In the latest figures released by the UK Health Security Agency (UKHSA), the total number of monkeypox cases now sits at 302 as of the 5th of June.

73 additional cases have been detected in England, with a further 2 cases in Scotland and 2 in Wales.

This is a sharp 32% increase from the previous figures released days earlier on the 2nd of June, where the total number of UK cases was 225.

The monkeypox virus is endemic to central and west Africa, but since May of this year, outbreaks of the disease have been reported in over twenty-six other countries.

While anyone can get monkeypox, the risk it poses to the general population is low, with instances of the infection usually mild. In most cases, the symptoms go away after a few weeks.

However, some individuals may be more vulnerable to the disease, including children, pregnant women, and men who have sex with other men.

Symptoms usually appear within 5 and 21 days of initial infection and typically include:

  • A high temperature
  • A headache
  • Muscle aches
  • Backache
  • Swollen glands
  • Shivering
  • Exhaustion

Alongside the above, a rash typically develops within days 1 to 5. While starting on the face, the rash can spread to other parts of the body, including the genitals.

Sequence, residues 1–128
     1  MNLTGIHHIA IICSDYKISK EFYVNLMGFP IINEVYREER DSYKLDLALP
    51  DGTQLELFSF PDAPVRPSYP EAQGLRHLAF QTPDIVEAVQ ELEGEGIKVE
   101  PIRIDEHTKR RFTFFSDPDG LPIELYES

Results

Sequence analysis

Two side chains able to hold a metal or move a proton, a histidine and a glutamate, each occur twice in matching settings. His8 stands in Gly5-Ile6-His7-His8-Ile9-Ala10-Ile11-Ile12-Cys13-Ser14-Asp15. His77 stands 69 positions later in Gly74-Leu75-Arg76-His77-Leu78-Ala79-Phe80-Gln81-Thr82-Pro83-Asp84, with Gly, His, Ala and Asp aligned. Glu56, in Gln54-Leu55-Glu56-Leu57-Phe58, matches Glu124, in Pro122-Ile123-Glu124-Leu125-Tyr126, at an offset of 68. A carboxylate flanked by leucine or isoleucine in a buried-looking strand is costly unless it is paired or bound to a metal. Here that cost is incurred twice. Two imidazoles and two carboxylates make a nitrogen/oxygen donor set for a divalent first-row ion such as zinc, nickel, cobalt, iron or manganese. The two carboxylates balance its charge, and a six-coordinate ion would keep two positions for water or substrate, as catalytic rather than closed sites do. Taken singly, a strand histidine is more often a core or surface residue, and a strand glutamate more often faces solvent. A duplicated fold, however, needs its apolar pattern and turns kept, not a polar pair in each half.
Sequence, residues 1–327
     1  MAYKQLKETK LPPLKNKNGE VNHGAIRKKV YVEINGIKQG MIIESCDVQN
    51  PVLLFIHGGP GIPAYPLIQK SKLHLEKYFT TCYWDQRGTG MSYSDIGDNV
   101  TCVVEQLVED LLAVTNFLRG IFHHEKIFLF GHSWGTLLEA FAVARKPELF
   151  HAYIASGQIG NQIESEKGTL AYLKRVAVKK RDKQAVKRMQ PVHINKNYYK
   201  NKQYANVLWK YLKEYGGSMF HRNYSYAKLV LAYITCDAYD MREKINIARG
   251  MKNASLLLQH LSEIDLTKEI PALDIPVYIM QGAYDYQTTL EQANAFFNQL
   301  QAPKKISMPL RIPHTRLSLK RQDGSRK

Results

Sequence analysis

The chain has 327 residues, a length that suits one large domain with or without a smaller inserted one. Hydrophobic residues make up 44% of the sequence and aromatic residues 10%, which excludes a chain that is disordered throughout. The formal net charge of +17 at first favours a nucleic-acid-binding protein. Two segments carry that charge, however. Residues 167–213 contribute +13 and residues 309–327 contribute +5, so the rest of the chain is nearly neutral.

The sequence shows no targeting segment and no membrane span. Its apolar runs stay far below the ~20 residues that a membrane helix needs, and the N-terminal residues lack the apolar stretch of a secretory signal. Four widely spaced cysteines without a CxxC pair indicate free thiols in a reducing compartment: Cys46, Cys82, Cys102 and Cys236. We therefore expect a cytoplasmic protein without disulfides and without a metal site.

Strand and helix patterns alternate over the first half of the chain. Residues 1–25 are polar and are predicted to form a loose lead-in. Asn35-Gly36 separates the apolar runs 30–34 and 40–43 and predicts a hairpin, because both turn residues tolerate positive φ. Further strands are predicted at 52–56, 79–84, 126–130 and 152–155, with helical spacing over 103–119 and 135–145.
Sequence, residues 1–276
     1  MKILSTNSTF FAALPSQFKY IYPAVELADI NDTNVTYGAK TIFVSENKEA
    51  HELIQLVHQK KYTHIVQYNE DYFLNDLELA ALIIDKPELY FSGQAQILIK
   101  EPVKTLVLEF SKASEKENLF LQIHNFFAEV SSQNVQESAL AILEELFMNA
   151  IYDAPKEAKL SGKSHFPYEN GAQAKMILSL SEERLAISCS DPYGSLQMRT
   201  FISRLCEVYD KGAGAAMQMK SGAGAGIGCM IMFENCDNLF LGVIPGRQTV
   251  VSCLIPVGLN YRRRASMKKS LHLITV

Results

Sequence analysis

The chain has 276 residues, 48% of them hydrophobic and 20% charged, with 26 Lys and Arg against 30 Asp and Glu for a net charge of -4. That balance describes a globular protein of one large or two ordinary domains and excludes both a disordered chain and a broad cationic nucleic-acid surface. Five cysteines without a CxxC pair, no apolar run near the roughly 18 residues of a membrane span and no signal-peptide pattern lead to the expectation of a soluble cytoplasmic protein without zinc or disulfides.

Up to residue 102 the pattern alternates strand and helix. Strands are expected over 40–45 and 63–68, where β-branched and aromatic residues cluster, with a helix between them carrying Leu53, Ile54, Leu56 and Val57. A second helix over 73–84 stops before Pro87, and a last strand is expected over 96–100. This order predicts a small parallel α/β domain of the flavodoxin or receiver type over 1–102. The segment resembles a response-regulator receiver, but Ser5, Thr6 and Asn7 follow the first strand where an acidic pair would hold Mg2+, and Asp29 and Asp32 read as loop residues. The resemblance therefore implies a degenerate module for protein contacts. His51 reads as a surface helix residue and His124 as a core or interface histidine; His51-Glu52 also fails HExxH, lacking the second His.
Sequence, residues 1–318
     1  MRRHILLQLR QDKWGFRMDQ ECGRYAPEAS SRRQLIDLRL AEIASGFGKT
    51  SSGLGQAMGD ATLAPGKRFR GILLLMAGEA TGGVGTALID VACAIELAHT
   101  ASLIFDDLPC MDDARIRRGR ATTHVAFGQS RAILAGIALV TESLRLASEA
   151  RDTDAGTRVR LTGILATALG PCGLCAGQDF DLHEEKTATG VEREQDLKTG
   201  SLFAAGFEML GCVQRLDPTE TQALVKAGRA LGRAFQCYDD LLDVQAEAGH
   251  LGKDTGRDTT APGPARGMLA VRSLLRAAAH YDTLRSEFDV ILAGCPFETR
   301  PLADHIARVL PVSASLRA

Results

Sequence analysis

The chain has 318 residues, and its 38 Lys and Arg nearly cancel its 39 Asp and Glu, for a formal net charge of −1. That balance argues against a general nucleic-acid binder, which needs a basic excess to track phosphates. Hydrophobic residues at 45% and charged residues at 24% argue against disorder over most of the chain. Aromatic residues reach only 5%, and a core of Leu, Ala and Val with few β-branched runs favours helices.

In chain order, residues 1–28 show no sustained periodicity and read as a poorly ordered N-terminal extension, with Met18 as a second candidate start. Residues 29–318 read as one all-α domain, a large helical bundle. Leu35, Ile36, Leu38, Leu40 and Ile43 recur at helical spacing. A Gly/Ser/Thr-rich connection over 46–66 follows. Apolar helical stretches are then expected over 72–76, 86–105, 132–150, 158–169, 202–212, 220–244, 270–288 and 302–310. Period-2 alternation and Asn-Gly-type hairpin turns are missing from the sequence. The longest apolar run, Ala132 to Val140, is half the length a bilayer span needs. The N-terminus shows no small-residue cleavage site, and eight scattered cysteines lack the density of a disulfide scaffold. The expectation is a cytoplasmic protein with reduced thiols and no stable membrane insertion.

Monkeypox lesions. Photo Cred: UKHSA

The UKSHA is recommending you contact a sexual health clinic if, alongside a blistery rash, you have been:

  • In close contact in the past three weeks with someone who has or might have monkeypox, even if they have not been tested for the disease.
  • In close contact with someone who has been to west or central Africa in the past three weeks.

Get our free newsletters

Stay up to date with the latest news, research and breakthroughs.

You May Also Like

Twice daily dairy intakes could reduce type 2 diabetes risk

Eating cheese, yoghurt or eggs twice a day could help lower the…

Public Health England considers low carb approach for type 2 diabetes

The low carb approach is being considered by the government to be…

Type 2 diabetes found to be a ‘significant risk factor’ among stroke victims

More evidence has been published which supports that diabetes is a “significant…